Get ready for another round

Judge's ruling sets up second vote on liquor by the drink
Jan. 10, 2013 @ 06:58 PM

Pigeon Forge voters will have to vote one more time on whether they want liquor by the drink to be legal in their city, and it will happen sometime in the next 45 to 60 days.

Chancellor Telford Forgety tossed the results of the Nov. 6 election Thursday after the Sevier County Election Commission acknowledged that poll workers at the Pigeon Forge City Hall voting precinct allowed 289 ineligible voters to cast ballots in the election, rendering the real outcome of the vote “incurably uncertain.”

The election commission instructed its attorney Wednesday to stipulate that it couldn’t account for those votes and that it couldn’t verify the outcome of the election, which it had certified in November with a result of 1,232 to 1,132. Because the number of illegal votes was greater than the margin of victory and there was no way to determine which way the illegal voters cast their ballots, Forgety said he had no choice but to toss the election.

“It is clear to the court that this election has to be set aside, must be voided, and that a new election must be ordered,” he said, later adding “The court finds the results of the election are without question incurably uncertain.”

He said there was no evidence of fraud, but ample evidence of errors by election workers that led to the illegal votes.

Concerned Churches and Citizens of Pigeon Forge, the group that campaigned against the referendum, filed the contest of election after learning that there were about 300 votes cast in the election that officials could not confirm came from eligible voters. The complaint named the Sevier County Election Commission as the only defendant, but Forging Ahead — the group that campaigned in favor of the referendum — intervened as a second defendant.

Thursday morning, the attorneys for the election commission and CCCPF announced they had reached an agreement that the election commission would acknowledge the election should be overturned because of the illegal votes, and CCCPF would drop all claims of fraudulent votes in the contest.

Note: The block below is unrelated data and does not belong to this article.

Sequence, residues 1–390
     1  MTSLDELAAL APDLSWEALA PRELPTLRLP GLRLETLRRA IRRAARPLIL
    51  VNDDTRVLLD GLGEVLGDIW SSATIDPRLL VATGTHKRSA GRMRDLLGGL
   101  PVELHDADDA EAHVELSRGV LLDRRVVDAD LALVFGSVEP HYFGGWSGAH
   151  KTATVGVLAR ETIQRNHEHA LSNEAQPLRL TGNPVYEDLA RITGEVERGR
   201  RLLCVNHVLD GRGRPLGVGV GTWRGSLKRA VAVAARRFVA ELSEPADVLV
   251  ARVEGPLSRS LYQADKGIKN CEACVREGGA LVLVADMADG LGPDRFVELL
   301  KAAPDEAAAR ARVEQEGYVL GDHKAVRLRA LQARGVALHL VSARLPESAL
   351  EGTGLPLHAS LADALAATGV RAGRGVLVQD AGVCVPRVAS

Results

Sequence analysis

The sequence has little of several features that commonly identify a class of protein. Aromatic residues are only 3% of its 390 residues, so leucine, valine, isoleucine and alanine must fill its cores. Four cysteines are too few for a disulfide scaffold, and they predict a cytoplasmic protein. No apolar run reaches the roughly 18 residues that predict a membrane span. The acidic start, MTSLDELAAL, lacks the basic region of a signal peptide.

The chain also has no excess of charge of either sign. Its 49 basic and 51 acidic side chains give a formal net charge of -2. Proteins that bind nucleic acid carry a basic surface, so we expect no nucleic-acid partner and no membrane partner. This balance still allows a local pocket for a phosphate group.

“The plaintiff and the defendant, Sevier County Election Commission, have come to an agreement resolving the dispute between those parties pursuant to which the plaintiff hereby amends it complaint to delete any allegations of fraud against the Sevier County Election Commission,,” CCCPF attorney Lewis Howard announced. “The Sevier County Election Commission agrees incurable uncertainty exists with respect to the number of votes for and against the referendum, and accordingly the election should be voided by the court.”

Forging Ahead still argued the case should not be overturned, and that Forgety had other options besides voiding it, but after hours of arguments the chancellor ruled he didn’t have another option.

“We would strongly object to the court considering any such agreement that has been reached between the plaintiff and the election commission,” attorney Greg Isaacs told Forgety.

He said the agreement had not been submitted to the court before proceedings were set to start, calling the agreement a last-minute bombshell

The judge noted the election commission had the right to drop its defense at any time.

Isaacs told the judge that Forging Ahead was the only group representing the people who voted legally — CCCPF just wasn’t happy with the results, he said, and the election commission abandoned that position when it conceded that its poll workers made errors.

“Nobody is here except Forging Ahead to speak for the voters.” he told Forgety.

He said that the number of illegal votes didn’t justify tossing the results entirely. Instead, he should take 289 votes, which amounts to 12 percent of the votes, and then reapportion the votes based on the percentage of votes that went to each side.

“What the court should do is take the 289 votes out, apply the apportionment rule ... and uphold or validate the election,” he said.

Forgety would later note the court had no way of determining which way those 289 people cast their votes.

Francis said the election commission was protecting the voters and the sanctity of the vote by acknowledging its poll workers made errors and it could not longer verify the outcome of the election. “He says no one speaks for the voters. The Sevier County Election Commission ... yesterday spoke for the voters and said this election was incurably flawed.”

Howard said upholding the election would actually disenfranchise the voters. “The best way to disenfranchise the voters would be to uphold an admittedly flawed election,” he said.

Isaacs earlier tried to argue the complaint should be tossed because CCCPF didn’t sue the City of Pigeon Forge as well as the election commission, arguing that the election commission was acting as a paid agent of the city for the purposes of the referendum and that the city. He said the city might have tried to join the lawsuit if city officials had known in advance that the election commission would reach an agreement that called for the results to be voided.

Forgety said that, even if he agreed Pigeon Forge should be a party to the suit, that would not be grounds to dismiss the compliant — it would have meant he should order them to join the lawsuit.

However, he said he couldn’t find grounds to force Pigeon Forge to take that action when it didn’t do so itself. The city could have intervened at any time, he noted, in the same way as Forging Ahead did last week.

Francis dropped a motion to dismiss the case in which he had argued CCCPF didn’t’ have standing to file the suit.